POSITIVE developments in the US and Europe failed to impress investors this week. Despite a mid-week bump to the sharemarket, thanks mainly to a huge loan issue from the European Central Bank, the benchmark index drifted lower.
As the reporting season wound down and thoughts turned to next week's Reserve Bank board meeting, the ECB agreed to pour a further ?529.5 billion ($A656 billion) through the region's troubled banks.
According to fund managers, the multibillion-dollar loan issue failed to excite because most people expected it, so the "hot" money that drove momentum in the markets last year when the ECB's first round of money printing took investors by surprise, had nowhere to go this time.
The other highlight came from the lips of Ben Bernanke, chairman of the US Federal Reserve, who sparked a free fall in the price of gold after he said, among other things, that the US labour market was showing signs of improvement.
Traders took that to mean the US economy might not need a quick shot of money printing to jolt it back to life, so the party was ruined for those who had bet it would.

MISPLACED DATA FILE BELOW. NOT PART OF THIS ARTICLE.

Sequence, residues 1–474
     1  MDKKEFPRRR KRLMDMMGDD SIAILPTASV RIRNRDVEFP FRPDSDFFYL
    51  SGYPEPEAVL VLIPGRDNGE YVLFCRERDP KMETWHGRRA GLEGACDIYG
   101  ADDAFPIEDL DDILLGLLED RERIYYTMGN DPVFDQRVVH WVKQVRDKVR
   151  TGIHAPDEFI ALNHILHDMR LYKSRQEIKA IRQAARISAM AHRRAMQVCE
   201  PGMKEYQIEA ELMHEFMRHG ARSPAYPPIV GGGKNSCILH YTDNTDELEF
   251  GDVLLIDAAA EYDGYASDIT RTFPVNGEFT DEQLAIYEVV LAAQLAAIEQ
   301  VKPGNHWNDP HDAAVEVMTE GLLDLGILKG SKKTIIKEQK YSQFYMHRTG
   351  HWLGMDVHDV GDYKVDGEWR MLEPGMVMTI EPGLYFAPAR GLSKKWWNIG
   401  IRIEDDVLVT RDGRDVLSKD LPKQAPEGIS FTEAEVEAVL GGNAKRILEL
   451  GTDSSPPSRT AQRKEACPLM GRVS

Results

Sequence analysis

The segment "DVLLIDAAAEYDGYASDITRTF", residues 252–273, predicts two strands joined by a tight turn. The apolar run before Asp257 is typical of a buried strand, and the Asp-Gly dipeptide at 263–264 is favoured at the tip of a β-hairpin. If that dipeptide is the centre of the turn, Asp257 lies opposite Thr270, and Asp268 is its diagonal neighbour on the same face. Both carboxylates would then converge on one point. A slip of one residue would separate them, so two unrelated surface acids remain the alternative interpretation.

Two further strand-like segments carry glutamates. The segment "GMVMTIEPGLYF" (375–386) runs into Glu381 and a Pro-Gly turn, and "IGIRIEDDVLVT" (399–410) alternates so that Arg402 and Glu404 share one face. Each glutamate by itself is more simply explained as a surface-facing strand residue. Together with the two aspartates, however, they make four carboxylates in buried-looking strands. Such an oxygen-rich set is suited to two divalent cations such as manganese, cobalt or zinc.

The spot price of gold collapsed $US66.47 an ounce, or 5 per cent,
to finish Thursday's session at $US1720.82, after hitting a
one-month low of $US1688.40.
It was little changed yesterday.
The S&P/ASX 200 Index gained 17.6 points to 4273.1. For the week,
it lost 33.68 points, or 0.8 per cent.
NAB this week released its inaugural Online Retail Sales Index, showing Australians spent
$10.5 billion with online retailers last year. Although that represented just 4.9 per cent of Australia's
$216 billion retailing industry sector, the sector grew at an annual pace of 29 per cent compared with 2.5 per cent for bricks and mortar retailers.
Harvey Norman yesterday was down 4?, or 2 per cent, at $1.98.
The Australian dollar, meanwhile, continued to appreciate against its major trading partners through the week. It strengthened against the greenback, closing at $US1.0788 and rose against the yen, closing at 87.86.